Administrative agencies make decisions that affect people’s lives every day, and you might believe an agency erred when making a decision affecting your professional life.
An appeal might be your next step if you were:
- Denied admission to an examination
- Denied the issuance or renewal of a license
- Denied registration of a licensee
- Given a revocation or suspension of your license
- Denied the opportunity to pay a forfeiture
An appeal must follow Ohio statutory guidelines and requirements, including where to file an appeal.
Are appeals not all filed in the same place?
No. Ohio law specifies where you file your appeal. The court of common pleas where the business is located receives appeals, except the following appeals, which Franklin County handles:
- The state medical board
- The state chiropractic board
- The board of nursing
- The liquor control commission
- The bureau of workers’ compensation (health partnership program participation)
In addition, anyone conducting business or residing outside Ohio would also file an appeal in Franklin County.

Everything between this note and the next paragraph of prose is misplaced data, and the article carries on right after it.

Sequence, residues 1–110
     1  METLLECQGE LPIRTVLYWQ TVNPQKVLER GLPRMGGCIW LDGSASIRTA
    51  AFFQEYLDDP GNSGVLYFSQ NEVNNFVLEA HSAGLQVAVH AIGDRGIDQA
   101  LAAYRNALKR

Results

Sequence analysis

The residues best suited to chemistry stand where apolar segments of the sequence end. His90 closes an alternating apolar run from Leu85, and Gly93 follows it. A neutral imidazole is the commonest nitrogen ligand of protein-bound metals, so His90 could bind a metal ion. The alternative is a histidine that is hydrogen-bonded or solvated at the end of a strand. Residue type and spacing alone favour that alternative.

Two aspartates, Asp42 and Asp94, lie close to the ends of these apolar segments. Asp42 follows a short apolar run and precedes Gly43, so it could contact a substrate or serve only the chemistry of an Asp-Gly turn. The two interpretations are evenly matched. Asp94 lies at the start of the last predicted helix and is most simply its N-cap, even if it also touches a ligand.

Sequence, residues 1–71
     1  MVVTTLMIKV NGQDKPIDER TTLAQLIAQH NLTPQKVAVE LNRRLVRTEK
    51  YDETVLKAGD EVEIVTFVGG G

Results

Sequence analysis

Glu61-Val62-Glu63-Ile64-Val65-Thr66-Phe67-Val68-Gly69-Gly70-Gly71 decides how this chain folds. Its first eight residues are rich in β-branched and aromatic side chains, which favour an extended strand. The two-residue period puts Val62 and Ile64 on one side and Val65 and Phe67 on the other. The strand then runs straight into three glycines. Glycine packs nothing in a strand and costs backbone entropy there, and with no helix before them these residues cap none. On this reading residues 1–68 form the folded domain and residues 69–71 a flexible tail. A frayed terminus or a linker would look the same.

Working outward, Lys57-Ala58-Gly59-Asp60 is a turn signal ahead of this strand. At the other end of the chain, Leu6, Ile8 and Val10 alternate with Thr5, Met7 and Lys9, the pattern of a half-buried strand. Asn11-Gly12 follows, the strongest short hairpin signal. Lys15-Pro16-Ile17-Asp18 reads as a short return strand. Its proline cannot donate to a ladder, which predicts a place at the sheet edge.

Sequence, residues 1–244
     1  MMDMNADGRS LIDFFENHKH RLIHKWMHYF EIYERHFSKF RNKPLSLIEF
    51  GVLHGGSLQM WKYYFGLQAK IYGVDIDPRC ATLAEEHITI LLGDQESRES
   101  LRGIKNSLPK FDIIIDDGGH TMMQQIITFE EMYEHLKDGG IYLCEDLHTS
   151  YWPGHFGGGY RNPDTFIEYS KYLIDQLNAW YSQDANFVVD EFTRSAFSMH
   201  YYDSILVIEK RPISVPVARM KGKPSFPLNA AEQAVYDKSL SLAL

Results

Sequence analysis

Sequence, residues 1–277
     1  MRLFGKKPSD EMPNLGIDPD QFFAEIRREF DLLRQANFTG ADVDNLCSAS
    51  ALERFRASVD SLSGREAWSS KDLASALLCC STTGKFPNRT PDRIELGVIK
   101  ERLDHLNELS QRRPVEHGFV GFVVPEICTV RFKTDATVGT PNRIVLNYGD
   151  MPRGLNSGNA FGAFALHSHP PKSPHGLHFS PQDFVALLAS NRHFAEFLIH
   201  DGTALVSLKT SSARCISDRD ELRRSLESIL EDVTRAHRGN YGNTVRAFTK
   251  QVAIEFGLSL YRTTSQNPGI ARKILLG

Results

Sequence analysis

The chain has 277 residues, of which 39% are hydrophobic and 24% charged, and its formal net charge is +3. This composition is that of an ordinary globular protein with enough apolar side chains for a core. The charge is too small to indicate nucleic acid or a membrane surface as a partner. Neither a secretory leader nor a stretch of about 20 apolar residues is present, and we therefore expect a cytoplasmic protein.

What does an appeal entail?
You and your attorney must send a notice of appeal to the appropriate agency and the court. This document outlines the details of the order upon which you base your appeal and why the denial fails to comply with the law and that no probative, substantial or reliable evidence supports the decision made by the agency.
Unless the court finds that an agency’s order causes you undue hardship, it remains in effect during the appeals process. In determining whether to suspend the order, the court also considers whether suspending the order puts the public at risk.
The agency must submit its records regarding the case within 30 days of receipt of the notice of appeal. The court may grant an extension of no more than 30 days if the evidence suggests the agency is attempting to comply. To get a copy of the records, you pay a deposit with the filing of the notice of appeal.
The hearing on your appeal is based solely on these records, which is why, if the agency fails to provide the records within the allowed time, the court automatically rules in your favor. If the matter goes to hearing, the court could allow additional evidence.
The decision of the court is considered conclusive and final. However, further appeals are possible under the same system as other civil actions.